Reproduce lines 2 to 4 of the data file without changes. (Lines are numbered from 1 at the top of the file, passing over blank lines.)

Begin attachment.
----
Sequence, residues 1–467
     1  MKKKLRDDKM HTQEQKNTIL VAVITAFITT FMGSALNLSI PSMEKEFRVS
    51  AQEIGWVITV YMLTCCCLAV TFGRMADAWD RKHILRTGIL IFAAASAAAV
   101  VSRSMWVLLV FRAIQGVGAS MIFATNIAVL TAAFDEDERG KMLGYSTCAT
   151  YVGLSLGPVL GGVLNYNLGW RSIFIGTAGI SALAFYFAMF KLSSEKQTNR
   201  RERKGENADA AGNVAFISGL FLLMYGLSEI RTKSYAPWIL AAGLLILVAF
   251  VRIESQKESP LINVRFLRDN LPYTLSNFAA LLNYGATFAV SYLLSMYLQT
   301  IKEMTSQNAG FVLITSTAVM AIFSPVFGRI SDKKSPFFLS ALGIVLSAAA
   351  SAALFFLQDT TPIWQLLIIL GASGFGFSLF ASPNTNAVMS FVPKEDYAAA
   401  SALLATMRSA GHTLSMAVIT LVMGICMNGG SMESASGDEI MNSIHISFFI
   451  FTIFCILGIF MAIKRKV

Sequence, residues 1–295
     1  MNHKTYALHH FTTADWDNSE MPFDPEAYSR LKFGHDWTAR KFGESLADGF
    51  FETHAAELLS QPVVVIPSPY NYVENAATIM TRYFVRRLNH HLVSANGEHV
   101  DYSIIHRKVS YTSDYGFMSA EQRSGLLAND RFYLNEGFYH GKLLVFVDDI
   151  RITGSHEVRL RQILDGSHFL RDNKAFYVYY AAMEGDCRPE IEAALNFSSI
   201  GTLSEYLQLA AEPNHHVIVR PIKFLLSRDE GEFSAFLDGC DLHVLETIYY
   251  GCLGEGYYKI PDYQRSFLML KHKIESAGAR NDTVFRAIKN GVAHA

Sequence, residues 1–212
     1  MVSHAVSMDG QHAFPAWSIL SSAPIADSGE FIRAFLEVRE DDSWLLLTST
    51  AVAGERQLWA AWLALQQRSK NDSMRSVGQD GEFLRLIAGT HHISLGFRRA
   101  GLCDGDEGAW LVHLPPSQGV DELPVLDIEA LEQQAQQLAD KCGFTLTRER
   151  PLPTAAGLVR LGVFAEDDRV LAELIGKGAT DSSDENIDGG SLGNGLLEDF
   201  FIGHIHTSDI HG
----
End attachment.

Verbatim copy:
     1  MKKKLRDDKM HTQEQKNTIL VAVITAFITT FMGSALNLSI PSMEKEFRVS
    51  AQEIGWVITV YMLTCCCLAV TFGRMADAWD RKHILRTGIL IFAAASAAAV
   101  VSRSMWVLLV FRAIQGVGAS MIFATNIAVL TAAFDEDERG KMLGYSTCAT